This isn’t actually going to be a review of The Lord of the Rings films, for a couple of reasons:
- It’s common knowledge that LotR is the Best. Movie. Trilogy. Ever.
- Everybody has already seen them anyway.*
*If by some misfortune you haven’t seen them and haven’t read the books, this post will contain major spoilers.
So, no, this is not a review. Instead, it’s an anecdote, which I hope you will find amusing, about what happened when I finally managed to get my wife to sit down and finish watching the films.
I originally dragged my wife to the theater to see the first film, Fellowship of the Ring, when it came out in 2001. She sort of squirmed through the entire thing, and after nearly three hours, pronounced it “just a series of obstacles” and was appalled to discover at the end that “they didn’t even destroy the ring yet!” After that, I couldn’t convince her to go see the other two films, or even to watch them at home on the extended edition DVDs. Nor was she much interested in reading the books.
Fast forward five years, to a rainy winter weekend. I had been catching bits and pieces of various LotR films on cable for the last several weeks and finally decided that I had to watch the trilogy again, so I popped in Fellowship. A multi-week LotR mini-film-festival ensued, with me watching the movies while my wife graded papers or surfed the Internet on her MacBook. She still showed no evident interest in paying attention to the movies … until, in The Two Towers, Gollum showed up:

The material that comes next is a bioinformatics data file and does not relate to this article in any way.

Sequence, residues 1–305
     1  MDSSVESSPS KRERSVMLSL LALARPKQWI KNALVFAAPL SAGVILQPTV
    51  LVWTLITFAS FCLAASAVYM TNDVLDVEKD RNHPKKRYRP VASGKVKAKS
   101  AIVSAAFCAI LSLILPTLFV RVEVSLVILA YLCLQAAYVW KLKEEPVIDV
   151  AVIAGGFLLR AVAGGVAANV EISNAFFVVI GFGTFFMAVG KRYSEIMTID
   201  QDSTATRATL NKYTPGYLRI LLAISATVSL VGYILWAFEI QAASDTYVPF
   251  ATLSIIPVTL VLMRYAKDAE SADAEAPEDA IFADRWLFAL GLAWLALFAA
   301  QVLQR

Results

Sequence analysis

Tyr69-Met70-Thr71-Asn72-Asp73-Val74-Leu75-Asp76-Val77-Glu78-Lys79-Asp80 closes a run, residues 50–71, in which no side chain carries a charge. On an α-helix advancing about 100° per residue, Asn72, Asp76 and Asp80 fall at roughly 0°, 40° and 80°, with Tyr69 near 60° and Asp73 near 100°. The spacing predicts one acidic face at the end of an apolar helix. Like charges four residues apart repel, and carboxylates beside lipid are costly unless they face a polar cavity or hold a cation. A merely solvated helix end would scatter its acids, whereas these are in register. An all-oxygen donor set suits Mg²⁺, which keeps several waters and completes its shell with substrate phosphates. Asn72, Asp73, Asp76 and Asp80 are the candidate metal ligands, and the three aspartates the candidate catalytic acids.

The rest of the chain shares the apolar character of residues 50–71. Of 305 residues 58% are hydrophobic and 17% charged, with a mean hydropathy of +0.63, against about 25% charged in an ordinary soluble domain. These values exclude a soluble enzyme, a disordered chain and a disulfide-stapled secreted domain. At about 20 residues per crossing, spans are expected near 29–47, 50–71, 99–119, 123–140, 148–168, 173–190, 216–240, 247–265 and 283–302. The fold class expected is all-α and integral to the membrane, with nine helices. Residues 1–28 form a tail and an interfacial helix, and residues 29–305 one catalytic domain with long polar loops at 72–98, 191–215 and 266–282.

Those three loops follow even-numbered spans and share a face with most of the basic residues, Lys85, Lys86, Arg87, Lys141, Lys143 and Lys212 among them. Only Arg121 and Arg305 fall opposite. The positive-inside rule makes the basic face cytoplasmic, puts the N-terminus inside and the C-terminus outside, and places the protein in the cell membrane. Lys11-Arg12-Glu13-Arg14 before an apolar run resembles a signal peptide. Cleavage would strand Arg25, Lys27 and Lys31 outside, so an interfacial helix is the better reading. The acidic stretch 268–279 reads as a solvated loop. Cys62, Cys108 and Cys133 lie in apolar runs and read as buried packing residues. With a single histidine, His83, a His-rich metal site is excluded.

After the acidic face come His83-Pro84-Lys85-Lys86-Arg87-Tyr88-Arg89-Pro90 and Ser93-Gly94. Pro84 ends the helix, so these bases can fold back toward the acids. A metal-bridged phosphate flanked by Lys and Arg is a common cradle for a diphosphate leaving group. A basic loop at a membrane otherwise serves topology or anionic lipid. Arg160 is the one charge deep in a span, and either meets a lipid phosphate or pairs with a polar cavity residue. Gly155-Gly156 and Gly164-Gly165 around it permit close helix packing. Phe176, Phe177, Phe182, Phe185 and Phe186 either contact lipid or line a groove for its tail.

Wife: “Who’s that?” Me: “That’s Gollum. He used to have the Ring and has been trying to get it back.” Wife: “What is he?” Me: “He used to be sort of a Hobbit. He’s played by a guy in a motion capture suit.”
And suddenly, my wife started paying attention, especially in scenes with Gollum in them. She felt sorry for him (especially the scene in Two Towers where he’s talking to himself), and she was fascinated by the motion capture thing. So now, in addition to watching Two Towers, we had to watch all the special features involving the making of the Gollum character. (Andy Serkis, my wife thinks you deserve an Academy Award, if that makes you feel any better.) We also watched Gollum’s legendary acceptance speech at the MTV Movie Awards, which is NOT to be missed.
So the film festival continued with Return of the King, and now my wife was actually paying attention to the entire thing — Elrond’s description (admittedly biased) of Arwen’s future with Aragorn, Eowyn’s wanting to fight, the dead men under the mountain (Aragorn and company emerge from the tunnels without the ghosts they were hoping to recruit; wife says, scandalized, “They aren’t going to help?!”), Frodo’s slowly being driven insane by the Ring. But still, she was most interested in the scenes with Gollum. (I can’t blame her; I would have to say that Gollum is one of the greatest characters in all of fiction.) By the end of Return of the King, she had abandoned all pretense of web-surfing or whatever and was definitely fully involved in the movie. How can I tell? Because of this: It’s the very end of Frodo’s quest. He stands at the cliff, holding the Ring out over the lava. But he hasn’t dropped it yet.
Wife: “What’s he doing?” Me: (SILENCE) Wife: “Why doesn’t he drop the Ring?” Me: (SILENCE) Wife: (WITH LOOK OF HORROR ON HER FACE) “He’s not going to put it on, is he?”
Which is of course exactly what Frodo does. Cue Gollum’s final appearance, and his struggle with Frodo, and his biting-off of Frodo’s ring finger. Gollum, joyous and triumphant, holds up the Ring, then falls into the lava with it, where both are destroyed. Middle-Earth is saved. My wife is very, very pleased.
Wife: “Well, at least he died happy. He got what he wanted.”
Yes. Yes he did. And he accidentally saved the world, too. I guess we could all do worse.